The relationship between academic accounting education and professional training has always been contentious, the goal being to move accounting
prepaparation on to a more efficient, economic and practical basis.
The issues arising about the alignment lie at the relationships between
the professional knowledge base,
learning in a university on the one hand, and professional practice on the other, and
the skills to be acquired before entrance into the profession, and the skills to be acquired after.1
The International Accounting Standards Board's (IASB) project, developing IASs/IFRSs, has been boosted
by support of the key stock exchanges The International Organization of Securities Commissions
IOSC0, the global standard setter for securities markets regulation and its regulatory importance.
The giant international corporations have spread systems of internal accounting, control and financial reporting throughout the world, helped by
the very large accounting firms, or the Big Four, which are clearly global.
Elite international Schools of Business including Cornell in Ithaca NY, Ivey in Canada, LSE in London England, Bocconi in Milan Italy, National University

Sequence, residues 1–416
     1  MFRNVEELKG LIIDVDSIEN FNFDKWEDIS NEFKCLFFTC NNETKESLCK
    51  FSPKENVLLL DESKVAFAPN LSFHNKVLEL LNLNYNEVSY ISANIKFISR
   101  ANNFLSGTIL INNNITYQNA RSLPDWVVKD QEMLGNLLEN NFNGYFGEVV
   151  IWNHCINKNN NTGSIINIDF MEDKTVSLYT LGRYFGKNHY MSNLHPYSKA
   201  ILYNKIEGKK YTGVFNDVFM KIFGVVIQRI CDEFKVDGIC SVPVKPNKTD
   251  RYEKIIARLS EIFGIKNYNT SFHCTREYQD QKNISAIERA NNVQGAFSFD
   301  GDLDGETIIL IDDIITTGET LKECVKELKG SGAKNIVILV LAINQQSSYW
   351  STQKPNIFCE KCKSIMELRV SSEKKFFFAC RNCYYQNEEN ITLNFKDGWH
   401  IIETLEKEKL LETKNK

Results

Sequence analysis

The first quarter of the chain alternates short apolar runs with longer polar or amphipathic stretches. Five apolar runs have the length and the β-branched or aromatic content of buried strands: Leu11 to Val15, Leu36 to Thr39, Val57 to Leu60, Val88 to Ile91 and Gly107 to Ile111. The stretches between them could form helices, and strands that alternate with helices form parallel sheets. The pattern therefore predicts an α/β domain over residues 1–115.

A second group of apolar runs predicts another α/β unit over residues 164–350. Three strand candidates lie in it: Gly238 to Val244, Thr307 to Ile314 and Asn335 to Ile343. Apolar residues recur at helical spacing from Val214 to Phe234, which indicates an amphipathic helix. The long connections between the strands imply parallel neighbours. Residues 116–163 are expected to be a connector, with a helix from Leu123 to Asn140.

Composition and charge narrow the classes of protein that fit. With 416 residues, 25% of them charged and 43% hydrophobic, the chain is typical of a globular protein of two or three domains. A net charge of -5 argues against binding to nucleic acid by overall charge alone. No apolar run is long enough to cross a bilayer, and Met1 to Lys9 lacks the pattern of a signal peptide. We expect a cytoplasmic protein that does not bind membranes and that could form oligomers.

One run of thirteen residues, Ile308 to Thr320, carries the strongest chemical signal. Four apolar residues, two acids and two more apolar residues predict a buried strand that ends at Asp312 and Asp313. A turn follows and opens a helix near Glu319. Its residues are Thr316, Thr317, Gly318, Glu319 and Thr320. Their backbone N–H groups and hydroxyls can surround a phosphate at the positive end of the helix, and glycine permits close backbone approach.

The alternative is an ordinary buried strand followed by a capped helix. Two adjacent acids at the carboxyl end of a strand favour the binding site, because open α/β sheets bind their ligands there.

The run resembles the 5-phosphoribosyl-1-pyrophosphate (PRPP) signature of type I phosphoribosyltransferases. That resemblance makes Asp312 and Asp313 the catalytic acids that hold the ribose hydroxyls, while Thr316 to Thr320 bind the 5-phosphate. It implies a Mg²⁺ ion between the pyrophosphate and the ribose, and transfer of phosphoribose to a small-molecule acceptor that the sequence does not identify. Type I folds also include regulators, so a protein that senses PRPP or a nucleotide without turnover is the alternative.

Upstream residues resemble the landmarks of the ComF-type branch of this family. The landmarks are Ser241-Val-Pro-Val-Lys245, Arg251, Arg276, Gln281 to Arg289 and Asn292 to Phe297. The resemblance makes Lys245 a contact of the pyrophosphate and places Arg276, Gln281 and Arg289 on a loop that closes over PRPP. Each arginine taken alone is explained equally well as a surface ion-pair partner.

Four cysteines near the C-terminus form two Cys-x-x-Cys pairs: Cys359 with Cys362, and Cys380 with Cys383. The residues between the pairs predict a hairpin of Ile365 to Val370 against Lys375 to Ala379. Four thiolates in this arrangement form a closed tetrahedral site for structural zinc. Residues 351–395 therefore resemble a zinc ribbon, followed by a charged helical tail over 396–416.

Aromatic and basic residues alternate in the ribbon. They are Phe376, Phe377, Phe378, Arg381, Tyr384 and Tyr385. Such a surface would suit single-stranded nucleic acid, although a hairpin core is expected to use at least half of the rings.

of Singapore, Korea University in Seoul and others,
are forming exclusive Global
Alliances in Education only one per country to lift themselves out of this alignment conundrum in order to preserve their status and
autonomy and attract high-performing students, preparing them for visible and lucrative careers in accounting and related professions, government, commerce
and industry all this at a time when student enrollment is shrinking, and colleges and universities start closing down. See
"2019 College Financial Health Grades: How Fit Is Your School?" let alone the "Impact of Coronavirus on Internatinal Recruitment," published by
IICPA was founded in 2003 as a forum for university accounting faculties and has kept up a dialogue with central bankers, ministers of finance and
the profession on
pressing issues. It has list of
Institutional Academic Members of international schools of
business. The present UAAEd Universal Alliance in Accounting Education is obviously in the trend.
Under this UAAEd's alliance, four-year students are qualified to sit for the IICPA's uniform professional examination in their final year to earn
the designation "International Certified Professional Accountant," the ICPA®
an Associate designation ACPA® is available
for two-year accounting diploma programs in addition to their academic degrees, both of which are granted for life. See also
UAAEd's member Accounting Faculties, Schools of Business and their professional accounting and inseperable finance graduates are well set to make their mark.
Elaine Evans, Roger Juchau, Richard M.S. Wilson (2014), "The Interface of Accounting Education and Professional Training," Routledge.